ACLU office plaque

School in Vermont Charged in New ALCU Complaint With Failing To Protect Its Only Black Student 

In 2020, a 10th-grade Black female student attending high school in Vermont began experiencing severe harassment and racial discrimination from her classmates. The girl was new to the school, as well as the only Black student, and despite “repeated derogatory racial slurs, references to white supremacy and threats of physical violence,” the school did “nothing” to help her.

Now, the ACLU and the Vermont Human Rights Commission have stepped in, filing a complaint on the girl’s behalf against the school for its repeated failure to protect her while on school property.

Lisa Rathke of the Associated Press reported that “the ACLU of Vermont filed the complaint on behalf of the student, accusing Twin Valley Middle High School in Whitingham of unlawfully depriving the student ‘of her right to have a school environment free of racial discrimination.’”

In a statement, ACLU of Vermont Executive Director James Lyall said, “Our client was driven from her school after the people she turned to for help did nothing to support her and further emboldened her abusers. Racist harassment and bullying remain a common experience for students of color in Vermont, and the state has a responsibility to do much more to prevent incidents like these from recurring day after day and year after year.”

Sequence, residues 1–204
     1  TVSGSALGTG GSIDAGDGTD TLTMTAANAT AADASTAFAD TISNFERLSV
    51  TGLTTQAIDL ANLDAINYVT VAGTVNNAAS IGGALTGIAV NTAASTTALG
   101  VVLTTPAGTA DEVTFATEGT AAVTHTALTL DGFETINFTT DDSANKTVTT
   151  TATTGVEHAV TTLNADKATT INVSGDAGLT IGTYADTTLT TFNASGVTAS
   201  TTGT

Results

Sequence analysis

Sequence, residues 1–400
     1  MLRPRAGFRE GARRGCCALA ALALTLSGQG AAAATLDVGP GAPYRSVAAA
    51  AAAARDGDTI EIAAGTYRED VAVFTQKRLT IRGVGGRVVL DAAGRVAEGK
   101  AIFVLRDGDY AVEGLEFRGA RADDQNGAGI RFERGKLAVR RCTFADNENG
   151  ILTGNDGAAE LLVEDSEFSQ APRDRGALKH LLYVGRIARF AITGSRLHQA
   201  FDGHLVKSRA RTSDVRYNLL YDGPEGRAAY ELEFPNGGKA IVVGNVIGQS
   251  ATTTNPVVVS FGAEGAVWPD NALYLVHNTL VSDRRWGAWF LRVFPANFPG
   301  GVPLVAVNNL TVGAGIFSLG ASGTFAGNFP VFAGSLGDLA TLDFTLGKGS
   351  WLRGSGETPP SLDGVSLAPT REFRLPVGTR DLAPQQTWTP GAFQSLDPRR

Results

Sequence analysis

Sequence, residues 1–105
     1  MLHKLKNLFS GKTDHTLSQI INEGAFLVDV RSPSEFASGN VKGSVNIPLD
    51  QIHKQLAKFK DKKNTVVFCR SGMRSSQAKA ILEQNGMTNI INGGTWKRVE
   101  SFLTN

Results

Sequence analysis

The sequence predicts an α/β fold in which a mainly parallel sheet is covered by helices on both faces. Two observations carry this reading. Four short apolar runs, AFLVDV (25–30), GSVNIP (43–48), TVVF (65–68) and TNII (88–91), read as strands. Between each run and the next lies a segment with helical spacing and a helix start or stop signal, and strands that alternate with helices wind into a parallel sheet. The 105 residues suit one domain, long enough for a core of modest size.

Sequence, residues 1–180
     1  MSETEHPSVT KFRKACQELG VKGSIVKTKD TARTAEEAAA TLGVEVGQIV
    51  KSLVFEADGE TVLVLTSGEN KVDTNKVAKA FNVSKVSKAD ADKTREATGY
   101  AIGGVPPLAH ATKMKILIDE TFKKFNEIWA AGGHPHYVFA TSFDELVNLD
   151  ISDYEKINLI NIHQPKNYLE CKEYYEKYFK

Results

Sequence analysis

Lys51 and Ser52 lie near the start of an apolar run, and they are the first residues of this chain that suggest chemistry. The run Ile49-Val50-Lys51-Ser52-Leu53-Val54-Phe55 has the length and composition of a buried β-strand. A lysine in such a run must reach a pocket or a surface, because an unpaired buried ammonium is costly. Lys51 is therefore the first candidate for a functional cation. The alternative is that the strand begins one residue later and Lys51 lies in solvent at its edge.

According to Rathke, “superintendent Barbara Anne Komons-Montroll disputes the allegations against the school administration. She said by email that the district maintains strict policies against harassment and is ‘committed to eliminating racism from our schools.’”

Komons-Montroll went on to tell AP that school administrators notified families and conducted their own investigation as soon as they were made aware of the student’s allegations. She also said the school took “appropriate disciplinary action” against the bullying students and that incidents hadn’t been repeated.

The student’s complaint appears to differ from Komons-Montroll’s account. In the report, the Black student said that among the abuse she endured, she was called a racial slur in front of a teacher by a male student. Several months later, a group of male students also directed Nazi salutes at her while saying she should “burn.” The complaint said that incident was also apparently recorded and shared over Snapchat.

Rathke reported that per the ACLU and the Vermont Human Rights Commission, “the school initiated an investigation and found a ‘substantiation of a violation of the school’s policy,’ but did not provide a tangible plan to protect the student.”

The ACLU went on to say that “the student feared for her safety and dropped out of school sports, her grades fell, and she developed anxiety and depression, forcing her ultimately to transfer to another school.”

Still, despite the allegations, Komons-Montroll is convinced the school took appropriate action in the matter and will “prevail in any litigation on the matter.”

“We will zealously defend our actions before the Human Rights Commission and in any subsequent litigation,” she told the AP by email.


Related: For more recent diversity and inclusion news, click here.

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